Frame 2. There’s Paul Cole again, but this time he is all alone on the right pavement. The two people on the right in frame 1 have gone. Meanwhile our friend sitting on the wall on the left has been joined by a man in a white shirt and a woman with a parasol.

Frame 3. Paul Cole is there, but now he has moved further away from his position in frame 2. He shares the pavement this time with a lady in a red sweater, looking directly at the camera. Here’s where it gets interesting. You have to look very, very carefully on the left pavement to spot her, but there in the closest gateway, just behind the Beetle, is a young woman in a purple top. This is her first appearance, but she is present in three of the six frames - just one fewer appearance than Paul Cole. Immediately behind the Beetle, a black delivery van has pulled in. It has gone before frame 4. Look carefully and you can see the left arm of the driver, standing behind the van.

Frame 4. There’s no sign of Paul Cole, but there is another man in a white shirt, striding with some purpose, walking towards the camera. Over on the left we get a clearer sight of the mysterious girl in the purple top, on the move this time, and two of the three decorators who appear on the actual cover, appear in this frame.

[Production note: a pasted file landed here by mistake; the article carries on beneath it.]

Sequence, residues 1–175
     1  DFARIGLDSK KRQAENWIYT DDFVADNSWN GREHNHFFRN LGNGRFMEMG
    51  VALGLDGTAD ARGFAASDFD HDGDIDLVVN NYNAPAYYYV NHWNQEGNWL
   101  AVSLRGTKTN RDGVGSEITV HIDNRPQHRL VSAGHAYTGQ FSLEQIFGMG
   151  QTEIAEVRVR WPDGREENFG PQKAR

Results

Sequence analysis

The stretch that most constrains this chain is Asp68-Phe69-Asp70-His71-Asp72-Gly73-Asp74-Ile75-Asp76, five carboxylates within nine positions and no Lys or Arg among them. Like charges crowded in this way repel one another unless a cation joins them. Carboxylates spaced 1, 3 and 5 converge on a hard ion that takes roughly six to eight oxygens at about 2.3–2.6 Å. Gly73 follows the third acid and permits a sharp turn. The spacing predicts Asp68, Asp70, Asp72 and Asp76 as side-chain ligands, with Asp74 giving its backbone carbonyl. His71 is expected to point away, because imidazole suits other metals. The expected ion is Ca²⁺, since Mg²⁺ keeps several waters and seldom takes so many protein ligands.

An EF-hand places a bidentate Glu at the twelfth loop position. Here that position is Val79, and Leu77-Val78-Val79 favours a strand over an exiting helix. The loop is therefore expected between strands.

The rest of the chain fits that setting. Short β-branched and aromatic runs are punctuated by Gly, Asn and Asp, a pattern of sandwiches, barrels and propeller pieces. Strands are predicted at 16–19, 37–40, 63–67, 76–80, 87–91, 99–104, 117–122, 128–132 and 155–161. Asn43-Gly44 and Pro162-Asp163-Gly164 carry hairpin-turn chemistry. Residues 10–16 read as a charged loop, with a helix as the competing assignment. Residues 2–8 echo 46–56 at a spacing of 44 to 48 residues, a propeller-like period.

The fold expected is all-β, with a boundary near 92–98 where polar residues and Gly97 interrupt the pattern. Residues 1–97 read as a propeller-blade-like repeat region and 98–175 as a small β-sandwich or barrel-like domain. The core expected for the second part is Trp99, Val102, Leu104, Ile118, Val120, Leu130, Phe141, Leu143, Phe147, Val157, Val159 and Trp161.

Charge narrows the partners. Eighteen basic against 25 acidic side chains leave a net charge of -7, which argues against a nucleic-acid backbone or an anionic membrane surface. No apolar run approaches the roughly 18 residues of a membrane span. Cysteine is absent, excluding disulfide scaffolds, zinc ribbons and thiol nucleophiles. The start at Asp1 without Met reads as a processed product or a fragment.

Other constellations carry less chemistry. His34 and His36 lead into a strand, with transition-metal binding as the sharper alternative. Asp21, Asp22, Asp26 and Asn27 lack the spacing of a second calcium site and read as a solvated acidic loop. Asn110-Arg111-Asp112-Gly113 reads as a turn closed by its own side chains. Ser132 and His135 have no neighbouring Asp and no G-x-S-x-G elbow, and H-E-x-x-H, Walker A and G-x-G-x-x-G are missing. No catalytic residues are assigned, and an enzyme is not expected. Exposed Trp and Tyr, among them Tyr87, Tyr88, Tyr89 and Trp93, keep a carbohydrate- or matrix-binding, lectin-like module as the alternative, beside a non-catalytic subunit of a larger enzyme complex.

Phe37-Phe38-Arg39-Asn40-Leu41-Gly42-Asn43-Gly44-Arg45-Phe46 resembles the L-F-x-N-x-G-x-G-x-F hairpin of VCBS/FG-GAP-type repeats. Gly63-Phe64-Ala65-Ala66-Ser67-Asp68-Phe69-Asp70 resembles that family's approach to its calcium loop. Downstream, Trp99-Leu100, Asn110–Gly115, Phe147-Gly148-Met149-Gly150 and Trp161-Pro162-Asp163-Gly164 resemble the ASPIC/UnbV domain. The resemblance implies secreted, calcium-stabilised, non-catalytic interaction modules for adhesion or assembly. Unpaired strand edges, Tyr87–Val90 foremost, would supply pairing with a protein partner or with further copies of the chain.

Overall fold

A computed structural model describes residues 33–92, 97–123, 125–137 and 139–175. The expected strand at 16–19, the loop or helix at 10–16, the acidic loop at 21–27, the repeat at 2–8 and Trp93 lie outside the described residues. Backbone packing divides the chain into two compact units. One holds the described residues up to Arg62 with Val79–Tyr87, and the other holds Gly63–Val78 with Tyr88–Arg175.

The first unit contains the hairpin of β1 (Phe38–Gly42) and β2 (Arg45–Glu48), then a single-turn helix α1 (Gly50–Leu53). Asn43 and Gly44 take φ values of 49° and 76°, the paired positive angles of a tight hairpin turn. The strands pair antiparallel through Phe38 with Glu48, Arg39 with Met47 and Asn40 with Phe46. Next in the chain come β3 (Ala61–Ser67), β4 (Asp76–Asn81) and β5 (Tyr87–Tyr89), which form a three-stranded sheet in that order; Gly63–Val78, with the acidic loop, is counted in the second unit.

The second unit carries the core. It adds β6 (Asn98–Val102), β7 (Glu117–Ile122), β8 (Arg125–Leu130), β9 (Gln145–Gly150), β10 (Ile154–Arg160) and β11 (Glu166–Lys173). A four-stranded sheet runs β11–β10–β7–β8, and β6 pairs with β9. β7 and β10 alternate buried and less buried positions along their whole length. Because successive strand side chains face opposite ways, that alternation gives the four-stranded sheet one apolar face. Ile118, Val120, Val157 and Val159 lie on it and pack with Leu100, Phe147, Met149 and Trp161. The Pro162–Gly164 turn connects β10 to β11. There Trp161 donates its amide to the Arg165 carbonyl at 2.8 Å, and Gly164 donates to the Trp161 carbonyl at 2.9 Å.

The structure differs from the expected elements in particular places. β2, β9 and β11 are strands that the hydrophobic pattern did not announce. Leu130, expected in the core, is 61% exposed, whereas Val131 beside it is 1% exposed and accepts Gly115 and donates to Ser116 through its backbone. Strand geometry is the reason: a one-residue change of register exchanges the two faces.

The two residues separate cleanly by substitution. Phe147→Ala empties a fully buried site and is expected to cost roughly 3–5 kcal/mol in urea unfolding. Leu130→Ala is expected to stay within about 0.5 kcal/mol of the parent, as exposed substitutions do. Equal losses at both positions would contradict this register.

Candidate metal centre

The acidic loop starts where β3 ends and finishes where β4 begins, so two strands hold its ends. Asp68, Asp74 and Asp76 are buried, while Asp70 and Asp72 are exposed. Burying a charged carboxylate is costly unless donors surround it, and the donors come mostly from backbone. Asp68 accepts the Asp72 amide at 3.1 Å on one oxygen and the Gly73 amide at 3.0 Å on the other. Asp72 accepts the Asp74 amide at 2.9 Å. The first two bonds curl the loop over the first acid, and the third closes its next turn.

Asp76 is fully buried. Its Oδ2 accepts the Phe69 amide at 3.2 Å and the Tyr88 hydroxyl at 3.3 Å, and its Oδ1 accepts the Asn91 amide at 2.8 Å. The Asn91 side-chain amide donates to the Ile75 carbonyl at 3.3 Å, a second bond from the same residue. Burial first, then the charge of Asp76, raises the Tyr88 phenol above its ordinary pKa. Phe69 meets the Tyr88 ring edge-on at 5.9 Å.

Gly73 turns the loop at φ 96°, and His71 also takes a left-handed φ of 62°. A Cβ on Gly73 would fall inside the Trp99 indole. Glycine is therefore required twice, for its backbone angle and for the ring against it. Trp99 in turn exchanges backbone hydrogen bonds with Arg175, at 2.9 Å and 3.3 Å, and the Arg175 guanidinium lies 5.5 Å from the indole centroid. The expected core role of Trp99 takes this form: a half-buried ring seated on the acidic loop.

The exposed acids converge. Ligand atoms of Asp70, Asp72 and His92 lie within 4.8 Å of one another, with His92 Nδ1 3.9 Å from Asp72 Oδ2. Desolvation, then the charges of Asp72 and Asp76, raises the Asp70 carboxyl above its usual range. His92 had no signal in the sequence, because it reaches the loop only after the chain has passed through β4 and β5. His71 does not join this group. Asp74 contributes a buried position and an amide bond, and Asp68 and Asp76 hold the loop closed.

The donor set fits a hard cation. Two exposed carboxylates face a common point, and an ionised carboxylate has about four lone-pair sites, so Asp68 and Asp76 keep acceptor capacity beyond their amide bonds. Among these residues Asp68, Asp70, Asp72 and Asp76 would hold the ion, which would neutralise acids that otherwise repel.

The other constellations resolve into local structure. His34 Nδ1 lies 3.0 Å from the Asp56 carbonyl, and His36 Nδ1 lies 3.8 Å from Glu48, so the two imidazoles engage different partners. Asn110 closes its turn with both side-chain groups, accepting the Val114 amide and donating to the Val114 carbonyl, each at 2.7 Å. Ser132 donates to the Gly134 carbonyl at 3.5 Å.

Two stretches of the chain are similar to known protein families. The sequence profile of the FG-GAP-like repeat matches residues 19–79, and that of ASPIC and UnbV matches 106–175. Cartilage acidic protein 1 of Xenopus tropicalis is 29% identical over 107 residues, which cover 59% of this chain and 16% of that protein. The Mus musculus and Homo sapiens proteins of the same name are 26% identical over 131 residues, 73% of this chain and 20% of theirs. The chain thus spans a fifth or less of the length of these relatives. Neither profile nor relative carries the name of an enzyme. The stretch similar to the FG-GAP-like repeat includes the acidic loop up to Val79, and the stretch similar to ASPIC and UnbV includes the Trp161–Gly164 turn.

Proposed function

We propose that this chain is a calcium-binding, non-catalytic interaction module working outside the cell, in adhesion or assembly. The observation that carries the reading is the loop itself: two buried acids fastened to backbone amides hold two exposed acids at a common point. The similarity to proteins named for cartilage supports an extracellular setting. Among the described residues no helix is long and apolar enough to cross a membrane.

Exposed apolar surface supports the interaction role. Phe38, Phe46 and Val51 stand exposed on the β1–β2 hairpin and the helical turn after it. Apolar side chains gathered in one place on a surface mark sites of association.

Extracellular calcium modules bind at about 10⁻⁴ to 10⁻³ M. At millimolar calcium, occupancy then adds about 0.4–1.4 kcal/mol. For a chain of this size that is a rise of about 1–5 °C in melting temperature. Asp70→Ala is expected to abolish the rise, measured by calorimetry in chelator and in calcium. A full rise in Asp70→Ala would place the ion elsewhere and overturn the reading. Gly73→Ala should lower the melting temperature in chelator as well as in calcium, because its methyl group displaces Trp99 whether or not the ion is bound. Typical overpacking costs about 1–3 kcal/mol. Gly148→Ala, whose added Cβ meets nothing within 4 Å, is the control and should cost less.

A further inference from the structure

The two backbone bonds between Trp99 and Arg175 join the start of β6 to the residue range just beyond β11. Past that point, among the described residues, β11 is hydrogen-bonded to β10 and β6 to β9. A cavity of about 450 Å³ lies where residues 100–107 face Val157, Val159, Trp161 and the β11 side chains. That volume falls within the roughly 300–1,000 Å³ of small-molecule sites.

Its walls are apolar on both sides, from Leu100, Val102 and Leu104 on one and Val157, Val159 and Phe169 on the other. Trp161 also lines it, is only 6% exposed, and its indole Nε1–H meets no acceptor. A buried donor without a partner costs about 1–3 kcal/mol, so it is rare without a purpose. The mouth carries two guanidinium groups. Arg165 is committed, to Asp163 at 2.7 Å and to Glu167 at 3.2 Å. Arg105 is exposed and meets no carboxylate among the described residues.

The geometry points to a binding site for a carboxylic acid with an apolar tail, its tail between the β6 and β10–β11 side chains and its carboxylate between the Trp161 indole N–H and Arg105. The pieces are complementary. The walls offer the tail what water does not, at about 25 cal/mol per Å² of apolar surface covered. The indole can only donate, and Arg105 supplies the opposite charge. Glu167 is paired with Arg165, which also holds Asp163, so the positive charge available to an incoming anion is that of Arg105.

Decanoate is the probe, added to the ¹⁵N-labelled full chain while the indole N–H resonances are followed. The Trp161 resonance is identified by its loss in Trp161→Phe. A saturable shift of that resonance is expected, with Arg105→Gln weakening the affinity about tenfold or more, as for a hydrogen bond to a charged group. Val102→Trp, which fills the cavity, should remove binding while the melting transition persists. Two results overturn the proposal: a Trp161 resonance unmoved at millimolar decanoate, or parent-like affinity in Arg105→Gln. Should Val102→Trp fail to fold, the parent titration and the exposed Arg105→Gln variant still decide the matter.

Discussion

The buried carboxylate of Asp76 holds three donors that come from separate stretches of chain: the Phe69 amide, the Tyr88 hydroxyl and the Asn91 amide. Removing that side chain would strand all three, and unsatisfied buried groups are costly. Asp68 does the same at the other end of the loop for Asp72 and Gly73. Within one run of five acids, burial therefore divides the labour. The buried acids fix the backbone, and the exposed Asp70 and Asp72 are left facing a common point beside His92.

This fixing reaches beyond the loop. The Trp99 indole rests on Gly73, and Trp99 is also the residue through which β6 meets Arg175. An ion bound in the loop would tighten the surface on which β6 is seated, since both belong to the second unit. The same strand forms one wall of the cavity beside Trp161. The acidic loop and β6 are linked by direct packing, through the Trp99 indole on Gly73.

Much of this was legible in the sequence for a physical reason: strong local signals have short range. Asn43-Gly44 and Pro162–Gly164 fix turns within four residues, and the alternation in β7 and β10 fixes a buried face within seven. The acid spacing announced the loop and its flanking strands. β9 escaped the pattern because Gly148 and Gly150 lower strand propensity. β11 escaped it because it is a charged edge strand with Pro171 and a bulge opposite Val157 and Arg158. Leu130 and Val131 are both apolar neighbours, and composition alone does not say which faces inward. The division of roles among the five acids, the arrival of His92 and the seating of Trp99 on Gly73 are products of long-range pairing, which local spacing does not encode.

Frame 5. The actual cover. The one everyone knows. Paul Cole is there on the right, of course. On the left pavement, further back, stand three decorators, subsequently identified as Alan Flanagan, Steve Millwood and Derek Seagrove. They were all captured for posterity on the cover photograph. Close viewing shows another man, as yet unidentified, standing behind a car, close to the group of three. There is no sign of the mysterious girl in the purple top.

Frame 6. Paul Cole has had enough - he’s gone. The three decorators remain on the left, joined by a fourth person. The girl in the purple top is there on the left, clearly visible, back in the gateway she first occupied in frame 3. Other people appear, but are not engaged with the scene: a man dressed in black walks away from camera on the left pavement. On the right, by the police van, two people are looking away, while in the distance, on the left, passengers spill out of a number 159 bus.